The weather is staying warm, and those of us with gardens or balconies will likely be making the most of it.
But spare a thought for your pets who, even if they love sunbathing, might overheat in the inclement weather.
There are lots of ways to cool down your pet, including letting them play in a paddling pool and making sure there are lots of shady areas for them to hide away in.
Aldi’s new Special Buys range has plenty of added extras that can brighten up your garden as well as keeping them chilled.
On sale from today, the pet range includes cooling mats and toys, as well as bowls that ensure their food and water stays at the right temperature.
The cooling mats start from £4.99, and don’t need to be frozen to work. They’re filled with gel so they stay chilled regardless, as well as being easily wiped clean with pet-safe disinfectant.
As for the bowls, these cost £2.99. Pop the inner area of the bowl in the freezer for a few hours and it’s ready to be filled.
The supermarket is also stocking a whole host of toys that can be filled with water and frozen, giving your pet hours of summertime fun.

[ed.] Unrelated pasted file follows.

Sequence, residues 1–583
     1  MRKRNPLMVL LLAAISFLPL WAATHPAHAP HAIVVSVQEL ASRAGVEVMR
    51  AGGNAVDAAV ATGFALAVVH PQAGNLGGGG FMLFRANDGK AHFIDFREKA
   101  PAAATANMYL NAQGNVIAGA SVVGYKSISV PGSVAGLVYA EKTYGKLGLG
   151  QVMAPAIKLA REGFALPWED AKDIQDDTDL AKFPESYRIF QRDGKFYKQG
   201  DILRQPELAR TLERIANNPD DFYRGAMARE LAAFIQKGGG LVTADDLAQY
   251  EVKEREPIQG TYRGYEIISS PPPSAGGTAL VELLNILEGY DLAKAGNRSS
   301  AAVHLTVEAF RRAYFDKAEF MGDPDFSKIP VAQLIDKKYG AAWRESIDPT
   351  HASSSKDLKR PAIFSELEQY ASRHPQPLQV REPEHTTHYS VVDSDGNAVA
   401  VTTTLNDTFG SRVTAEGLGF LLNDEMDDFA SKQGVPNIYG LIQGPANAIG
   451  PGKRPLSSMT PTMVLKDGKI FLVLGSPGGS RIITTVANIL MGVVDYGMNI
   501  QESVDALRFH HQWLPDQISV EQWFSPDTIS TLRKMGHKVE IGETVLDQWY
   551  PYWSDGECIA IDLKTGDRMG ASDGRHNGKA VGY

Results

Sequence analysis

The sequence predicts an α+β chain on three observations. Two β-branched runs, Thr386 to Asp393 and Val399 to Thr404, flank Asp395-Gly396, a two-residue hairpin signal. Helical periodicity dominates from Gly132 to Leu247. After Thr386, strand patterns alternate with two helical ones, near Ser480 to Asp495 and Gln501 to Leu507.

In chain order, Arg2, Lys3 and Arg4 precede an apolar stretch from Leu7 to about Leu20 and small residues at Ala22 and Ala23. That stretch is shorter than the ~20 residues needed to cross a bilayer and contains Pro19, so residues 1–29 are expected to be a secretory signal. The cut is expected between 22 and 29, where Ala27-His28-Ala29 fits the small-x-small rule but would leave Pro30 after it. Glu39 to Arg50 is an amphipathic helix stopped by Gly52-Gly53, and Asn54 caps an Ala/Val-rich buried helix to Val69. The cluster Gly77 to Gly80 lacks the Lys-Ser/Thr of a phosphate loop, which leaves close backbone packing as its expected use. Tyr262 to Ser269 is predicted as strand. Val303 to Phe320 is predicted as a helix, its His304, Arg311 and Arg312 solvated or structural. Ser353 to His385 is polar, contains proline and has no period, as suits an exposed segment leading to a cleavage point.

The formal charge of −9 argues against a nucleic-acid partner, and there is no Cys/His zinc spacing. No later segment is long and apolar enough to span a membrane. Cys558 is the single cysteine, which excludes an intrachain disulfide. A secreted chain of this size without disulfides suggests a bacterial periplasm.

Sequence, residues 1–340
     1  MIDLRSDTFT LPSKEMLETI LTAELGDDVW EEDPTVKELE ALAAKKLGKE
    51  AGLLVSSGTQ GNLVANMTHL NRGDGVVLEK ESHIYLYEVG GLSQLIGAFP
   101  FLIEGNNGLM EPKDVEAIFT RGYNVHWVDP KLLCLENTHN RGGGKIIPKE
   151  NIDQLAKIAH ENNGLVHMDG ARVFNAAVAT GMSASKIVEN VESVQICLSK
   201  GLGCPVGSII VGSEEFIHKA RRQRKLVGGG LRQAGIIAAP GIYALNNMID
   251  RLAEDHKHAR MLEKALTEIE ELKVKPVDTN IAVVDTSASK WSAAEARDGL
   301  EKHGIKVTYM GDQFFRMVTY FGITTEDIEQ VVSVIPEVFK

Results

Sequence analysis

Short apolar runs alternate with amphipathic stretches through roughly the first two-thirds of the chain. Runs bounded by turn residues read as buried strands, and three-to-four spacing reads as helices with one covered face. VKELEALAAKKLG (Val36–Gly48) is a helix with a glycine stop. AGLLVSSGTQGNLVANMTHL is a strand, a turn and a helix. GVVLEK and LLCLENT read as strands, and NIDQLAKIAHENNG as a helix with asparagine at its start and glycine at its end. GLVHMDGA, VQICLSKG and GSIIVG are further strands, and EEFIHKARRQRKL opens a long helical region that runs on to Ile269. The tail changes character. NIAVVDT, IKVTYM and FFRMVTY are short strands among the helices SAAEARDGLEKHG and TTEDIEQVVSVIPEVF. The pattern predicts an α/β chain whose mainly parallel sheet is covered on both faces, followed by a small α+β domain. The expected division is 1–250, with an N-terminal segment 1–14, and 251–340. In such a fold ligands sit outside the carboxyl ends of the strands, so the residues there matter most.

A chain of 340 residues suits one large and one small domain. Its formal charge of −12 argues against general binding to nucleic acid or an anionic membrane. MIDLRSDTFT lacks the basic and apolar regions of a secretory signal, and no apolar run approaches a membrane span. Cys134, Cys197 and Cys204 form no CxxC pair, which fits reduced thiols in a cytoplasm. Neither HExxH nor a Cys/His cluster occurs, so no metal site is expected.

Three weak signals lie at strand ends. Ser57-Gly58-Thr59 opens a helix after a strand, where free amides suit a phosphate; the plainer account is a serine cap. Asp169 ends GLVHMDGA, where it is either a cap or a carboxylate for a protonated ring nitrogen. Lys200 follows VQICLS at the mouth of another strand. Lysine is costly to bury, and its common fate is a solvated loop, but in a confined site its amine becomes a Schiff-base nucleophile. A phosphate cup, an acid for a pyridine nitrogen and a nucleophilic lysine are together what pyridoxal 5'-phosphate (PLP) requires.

Cooling items are a popular choice for many pet owners, with extra furry pets showing signs of overheating when the mercury hits the high twenties and beyond.
Cooling mats are a great choice, but you can also buy various clothing items like bandanas and vests that are wet, put in the fridge, and popped onto your dog when they’re outside.
The Blue Cross also recommend using cold (not freezing) water to wet your dog’s fur in warm weather and place them in a draughty and shady area.
You should also try to walk your dog out of the midday sun and as ever never leave them alone in hot cars.
If the pavement is too hot for your hands, it’ll be too hot for your paws. That means, on days when it’s extra hot, perhaps it’s best to switch to brain games and running around on grass instead for stimulation.
Ensure you have lots of fresh water for your pets in the heat, and keep an eye on signs of heatstroke so you can call a vet immediately if you suspect it.
Signs of heatstroke include collapse, excessive panting, and dribbling, and it can be fatal in some dogs, so prevention is always better than cure.